«Previous    Next»
Old Combines Make Great Snow Blowers
Old combines make great snowblowers if you cut off most of the old tin, build a new frame, add a 3-pt. and equip them with a second engine. Two Iowa farmers who did it say their snow-handling problems are over.
Art Vanderpol and Walt Sievert, neighbors who farm near Ashton, got together last winter and turned an old Case 900 combine from the late 1960's into a snowblower most any city would be proud to own.
"We practically stripped the entire machine," says Vanderpol. "The only components used from the original machine were the drive train, tires, cab, operator's platform and the engine."
The two men built an 8-in. channel iron frame around the chassis of the combine. Then, they mounted the cab between the front wheels of the machine and installed two engines on the rear. The combine's original slant-6 Chrysler engine sits in back and drives the V-belt, variable speed drive. A GMC 350 cu. in. V-8 powers the pto shaft in front which runs the snowblower.
"The 3-speed transmission with variable speed drive lets you maneuver easily into corners or over tough ground while the second engine, which powers the blower, runs at full power for maximum blowing capacity. Power feeding out the back of the front engine runs V-belts which convert to roller chain which, in turn, powers the pto shaft at 1,000 rpm's. We mounted a standard Cat. II 3-pt. hitch on front that'll carry any snowblower, or other 3-pt. mounted equipment," says Vanderpol.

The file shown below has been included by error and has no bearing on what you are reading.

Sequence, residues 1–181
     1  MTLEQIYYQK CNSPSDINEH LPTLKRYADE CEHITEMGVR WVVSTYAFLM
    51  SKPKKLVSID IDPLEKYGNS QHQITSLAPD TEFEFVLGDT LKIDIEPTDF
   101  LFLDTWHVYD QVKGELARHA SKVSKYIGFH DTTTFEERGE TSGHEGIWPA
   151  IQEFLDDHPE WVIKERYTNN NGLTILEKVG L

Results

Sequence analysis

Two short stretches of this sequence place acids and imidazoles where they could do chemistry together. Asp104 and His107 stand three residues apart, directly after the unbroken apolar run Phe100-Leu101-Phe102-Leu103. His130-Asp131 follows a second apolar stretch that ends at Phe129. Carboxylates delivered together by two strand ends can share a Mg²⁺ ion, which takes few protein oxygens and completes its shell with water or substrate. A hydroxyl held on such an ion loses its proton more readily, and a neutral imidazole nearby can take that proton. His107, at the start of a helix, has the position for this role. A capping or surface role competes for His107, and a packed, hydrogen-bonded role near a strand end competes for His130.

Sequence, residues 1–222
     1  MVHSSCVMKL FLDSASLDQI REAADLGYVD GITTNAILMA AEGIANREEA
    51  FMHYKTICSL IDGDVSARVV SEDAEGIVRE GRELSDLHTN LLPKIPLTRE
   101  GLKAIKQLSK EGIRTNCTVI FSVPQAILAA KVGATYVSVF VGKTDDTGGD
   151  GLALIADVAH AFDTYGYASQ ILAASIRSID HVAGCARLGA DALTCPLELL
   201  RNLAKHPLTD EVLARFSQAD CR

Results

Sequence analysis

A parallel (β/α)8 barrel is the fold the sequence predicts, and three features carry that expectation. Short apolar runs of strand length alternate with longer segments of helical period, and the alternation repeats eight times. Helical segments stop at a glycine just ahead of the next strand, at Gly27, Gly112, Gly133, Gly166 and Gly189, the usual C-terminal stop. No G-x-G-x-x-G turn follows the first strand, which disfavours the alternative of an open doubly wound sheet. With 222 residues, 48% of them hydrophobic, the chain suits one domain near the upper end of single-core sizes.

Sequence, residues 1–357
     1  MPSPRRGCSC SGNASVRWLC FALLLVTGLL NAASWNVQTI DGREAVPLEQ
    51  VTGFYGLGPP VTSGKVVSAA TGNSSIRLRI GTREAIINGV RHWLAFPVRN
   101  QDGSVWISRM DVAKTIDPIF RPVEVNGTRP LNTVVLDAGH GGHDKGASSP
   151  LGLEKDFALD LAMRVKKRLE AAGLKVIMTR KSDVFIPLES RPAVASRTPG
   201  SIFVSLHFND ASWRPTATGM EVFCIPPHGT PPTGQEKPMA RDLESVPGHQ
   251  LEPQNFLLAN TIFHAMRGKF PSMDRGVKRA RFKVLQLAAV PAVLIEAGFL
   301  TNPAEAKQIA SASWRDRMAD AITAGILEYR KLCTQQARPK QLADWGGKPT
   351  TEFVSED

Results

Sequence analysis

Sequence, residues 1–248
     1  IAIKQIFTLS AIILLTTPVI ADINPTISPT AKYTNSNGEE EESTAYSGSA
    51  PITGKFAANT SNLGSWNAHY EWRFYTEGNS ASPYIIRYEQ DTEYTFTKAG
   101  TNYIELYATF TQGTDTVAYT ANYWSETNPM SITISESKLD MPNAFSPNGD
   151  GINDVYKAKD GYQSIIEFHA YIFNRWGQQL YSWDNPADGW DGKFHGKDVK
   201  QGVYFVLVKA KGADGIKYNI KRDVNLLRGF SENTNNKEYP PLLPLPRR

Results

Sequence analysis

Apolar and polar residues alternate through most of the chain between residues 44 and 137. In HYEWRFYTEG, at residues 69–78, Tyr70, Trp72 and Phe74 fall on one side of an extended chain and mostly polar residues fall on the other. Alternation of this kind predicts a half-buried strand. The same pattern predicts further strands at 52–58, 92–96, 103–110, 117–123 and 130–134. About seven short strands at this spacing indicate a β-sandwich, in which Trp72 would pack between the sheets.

All controls were fed into the original cab so the original control panel can be used. There are dual sets of gauges for the two engines. The blower on front is an 8-ft. Lundell blower, a brand which Vanderpol sells on his farm.
"The advantage of this design is that it puts most of the weight over the drive wheels, which gives it great traction and maneuverability," points out Vanderpol.
He says the combine snowblower took six weeks to build and cost about $1,000, not counting the blower itself. He and his partner say they would be willing to build similar machines for other farmers or local communities using almost all used parts for $4,000 to $5,000.
Contact: FARM SHOW Followup, Art Vanderpol, Ashton, Iowa 51232 (ph 712 724-6126).


  Click here to download page story appeared in.



  Click here to read entire issue




To read the rest of this story, download this issue below or click here to register with your account number.
Order the Issue Containing This Story
1983 - Volume #7, Issue #6